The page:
Astronomy for all.
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Dazza_and_my_scope_on_right.jpg4934 viewsMartin
47Tucreprocessed2Gig.jpg47Tucanae2389 viewsThis is an reprocess and has an less green back ground, also the starcolors look better to me.Martin
jewelbox.jpgJewelbox.2294 viewsThe Jewel Box (also known as NGC 4755, the Kappa Crucis Cluster and Caldwell 94) is an open cluster in the constellation of Crux. As Kappa Crucis, it has a Bayer designation despite the fact that it is a cluster rather than an individual star.

It is one of the finest open clusters discovered by Nicolas Louis de Lacaille when he was in South Africa during 1751–1752. This cluster is one of the youngest known, with an estimated age of only 7.1 million years. It has an apparent magnitude of 4.2, and is located 6,440 light years from Earth and contains around 100 stars.

This famous group of young bright stars was named the Jewel Box from its description by Sir John Herschel as "a casket of variously coloured precious stones," which refers to its appearance in the telescope. The bright orange star Kappa Crucis contrasts strongly against its predominantly blue, hot companions. Kappa Crucis is a very large (hence very luminous) young star in its red supergiant stage, which paradoxically indicates that its life is drawing to a close. The cluster looks like a star to the unaided eye and appears close to the easternmost star of the Southern Cross, (Beta Crucis), so is only visible from southern latitudes.
Sombrerocropdone.jpgSombrero galaxy1749 viewsThe Sombrero Galaxy (also known as M104 or NGC 4594) is an unbarred spiral galaxy in the constellation Virgo located 28 million light years from Earth. It has a bright nucleus, an unusually large central bulge, and a prominent dust lane in its inclined disk. The dark dust lane and the bulge give this galaxy the appearance of a sombrero. Astronomers initially thought that the halo was small and light, indicative of a spiral galaxy. But Spitzer found that halo around the Sombrero Galaxy is larger and more massive than previously thought, indicative of a giant elliptical galaxy. [5] The galaxy has an apparent magnitude of +9.0, making it easily visible with amateur telescopes. The large bulge, the central supermassive black hole, and the dust lane all attract the attention of professional astronomers.Martin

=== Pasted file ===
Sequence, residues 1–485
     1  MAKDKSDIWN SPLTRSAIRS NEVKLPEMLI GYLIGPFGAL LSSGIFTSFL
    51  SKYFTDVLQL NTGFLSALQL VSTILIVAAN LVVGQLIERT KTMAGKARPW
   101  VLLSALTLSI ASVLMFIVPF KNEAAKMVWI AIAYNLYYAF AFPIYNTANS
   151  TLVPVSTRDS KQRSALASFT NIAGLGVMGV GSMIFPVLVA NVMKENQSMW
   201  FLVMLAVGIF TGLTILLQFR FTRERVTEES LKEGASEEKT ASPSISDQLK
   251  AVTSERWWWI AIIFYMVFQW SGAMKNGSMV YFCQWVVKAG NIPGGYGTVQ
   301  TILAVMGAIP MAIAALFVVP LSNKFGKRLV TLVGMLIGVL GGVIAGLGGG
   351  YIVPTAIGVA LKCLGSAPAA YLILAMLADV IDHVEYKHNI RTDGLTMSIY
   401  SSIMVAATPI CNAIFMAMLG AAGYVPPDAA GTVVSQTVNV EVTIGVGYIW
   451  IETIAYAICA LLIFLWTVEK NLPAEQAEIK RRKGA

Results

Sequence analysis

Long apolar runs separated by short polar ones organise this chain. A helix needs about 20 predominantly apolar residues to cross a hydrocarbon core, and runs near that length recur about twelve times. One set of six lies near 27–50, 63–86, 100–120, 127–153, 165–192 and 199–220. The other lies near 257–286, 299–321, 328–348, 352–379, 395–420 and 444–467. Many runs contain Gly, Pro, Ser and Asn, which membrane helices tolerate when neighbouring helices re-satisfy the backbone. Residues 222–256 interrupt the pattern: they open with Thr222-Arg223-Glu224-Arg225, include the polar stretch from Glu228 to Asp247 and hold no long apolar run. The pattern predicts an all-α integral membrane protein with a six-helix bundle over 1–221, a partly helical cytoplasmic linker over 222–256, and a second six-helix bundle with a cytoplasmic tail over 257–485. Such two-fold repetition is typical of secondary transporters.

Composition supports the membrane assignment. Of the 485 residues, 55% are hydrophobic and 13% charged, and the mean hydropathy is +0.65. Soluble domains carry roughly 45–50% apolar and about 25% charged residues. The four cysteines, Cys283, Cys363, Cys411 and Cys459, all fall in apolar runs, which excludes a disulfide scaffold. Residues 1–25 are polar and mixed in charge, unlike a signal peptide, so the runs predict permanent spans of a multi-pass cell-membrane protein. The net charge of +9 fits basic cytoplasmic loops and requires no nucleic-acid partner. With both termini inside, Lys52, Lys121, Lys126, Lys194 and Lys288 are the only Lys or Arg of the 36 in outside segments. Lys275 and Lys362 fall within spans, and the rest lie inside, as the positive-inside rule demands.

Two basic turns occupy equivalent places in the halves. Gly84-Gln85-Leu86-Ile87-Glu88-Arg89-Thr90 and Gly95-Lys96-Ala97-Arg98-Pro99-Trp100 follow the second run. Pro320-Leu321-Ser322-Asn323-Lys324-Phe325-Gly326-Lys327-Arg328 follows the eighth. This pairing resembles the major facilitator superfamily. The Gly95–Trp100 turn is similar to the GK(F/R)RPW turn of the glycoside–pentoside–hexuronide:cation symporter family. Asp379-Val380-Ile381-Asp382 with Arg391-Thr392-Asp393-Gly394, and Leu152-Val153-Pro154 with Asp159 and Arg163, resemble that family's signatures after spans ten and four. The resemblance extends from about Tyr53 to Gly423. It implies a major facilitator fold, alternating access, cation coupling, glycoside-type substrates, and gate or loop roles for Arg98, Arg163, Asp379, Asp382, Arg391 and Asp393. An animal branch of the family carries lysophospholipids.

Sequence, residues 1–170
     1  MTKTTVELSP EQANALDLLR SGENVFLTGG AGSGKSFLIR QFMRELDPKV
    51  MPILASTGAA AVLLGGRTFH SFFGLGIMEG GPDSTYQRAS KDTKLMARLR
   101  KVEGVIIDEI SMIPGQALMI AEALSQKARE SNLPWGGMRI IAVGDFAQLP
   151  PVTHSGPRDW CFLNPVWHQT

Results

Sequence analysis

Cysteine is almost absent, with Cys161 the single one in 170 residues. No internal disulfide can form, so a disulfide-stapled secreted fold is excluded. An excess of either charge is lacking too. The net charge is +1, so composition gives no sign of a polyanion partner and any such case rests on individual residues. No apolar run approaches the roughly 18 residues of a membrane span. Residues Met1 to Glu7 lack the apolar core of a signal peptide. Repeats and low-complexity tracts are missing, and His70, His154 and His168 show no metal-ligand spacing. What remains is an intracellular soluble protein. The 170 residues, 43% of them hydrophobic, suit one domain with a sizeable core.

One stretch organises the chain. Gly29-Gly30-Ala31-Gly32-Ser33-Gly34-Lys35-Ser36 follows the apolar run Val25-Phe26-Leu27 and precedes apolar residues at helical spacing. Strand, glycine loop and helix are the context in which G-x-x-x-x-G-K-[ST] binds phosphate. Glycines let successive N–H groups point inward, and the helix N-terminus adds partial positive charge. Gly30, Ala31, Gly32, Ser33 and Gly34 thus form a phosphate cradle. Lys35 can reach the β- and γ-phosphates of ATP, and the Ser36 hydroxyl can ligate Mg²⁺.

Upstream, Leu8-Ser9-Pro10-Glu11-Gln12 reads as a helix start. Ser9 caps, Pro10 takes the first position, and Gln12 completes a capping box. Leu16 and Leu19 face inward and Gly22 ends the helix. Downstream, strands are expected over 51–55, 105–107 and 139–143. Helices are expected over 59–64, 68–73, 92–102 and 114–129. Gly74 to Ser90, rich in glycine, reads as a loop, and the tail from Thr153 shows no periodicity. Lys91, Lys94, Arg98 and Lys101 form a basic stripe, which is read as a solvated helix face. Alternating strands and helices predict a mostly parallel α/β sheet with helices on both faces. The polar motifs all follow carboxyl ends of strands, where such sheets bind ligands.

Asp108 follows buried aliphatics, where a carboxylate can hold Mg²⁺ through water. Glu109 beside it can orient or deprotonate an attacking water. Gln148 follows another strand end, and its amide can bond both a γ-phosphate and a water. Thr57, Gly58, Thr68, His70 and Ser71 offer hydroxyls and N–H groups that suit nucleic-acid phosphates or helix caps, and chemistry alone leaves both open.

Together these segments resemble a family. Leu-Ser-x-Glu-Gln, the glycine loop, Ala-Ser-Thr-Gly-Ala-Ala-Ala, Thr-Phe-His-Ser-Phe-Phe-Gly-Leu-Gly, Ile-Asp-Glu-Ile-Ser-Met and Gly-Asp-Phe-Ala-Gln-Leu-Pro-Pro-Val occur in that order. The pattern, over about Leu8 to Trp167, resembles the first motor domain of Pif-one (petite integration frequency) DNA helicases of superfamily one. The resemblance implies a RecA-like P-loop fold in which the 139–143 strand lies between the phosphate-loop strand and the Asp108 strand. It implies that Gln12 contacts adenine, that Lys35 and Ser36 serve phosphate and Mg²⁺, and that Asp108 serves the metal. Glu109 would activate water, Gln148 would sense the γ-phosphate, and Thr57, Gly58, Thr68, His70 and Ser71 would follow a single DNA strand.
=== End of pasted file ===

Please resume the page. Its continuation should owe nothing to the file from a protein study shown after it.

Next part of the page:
Group1-L_flattener.jpgwith flattener1441 viewsMartin
NGC4945.jpgNGC4945.1259 viewsNGC4945 with the Supernova.Martin
CentAfinal2G.jpgCentaurus A1248 views10 X 5 Min RGB and 15 X 10 Min Luminance.
testing.jpgtestimage1135 views2X30Seconds at ISO1600Martin
Lagoon-L.jpgNo flattener1100 viewsMartin
6067_done.jpgNGC6067.1086 viewsNGC 6067 is a bright open cluster deep South in the Constellation of Norma. Because it is located in the same plane of the Milky Way it has a dense star background. A nice target for small telescopes even from urban skies. The cluster contains about 100 stars between 8 magnitude and fainter.Martin
LEO.jpgThe Leo trio.1048 viewsThis is a composition of 15X600 Seconds Luminance and 10X300 Seconds RGB each.Martin
IMG_0517.jpgARB Kev1029 viewsARB Kev.Martin
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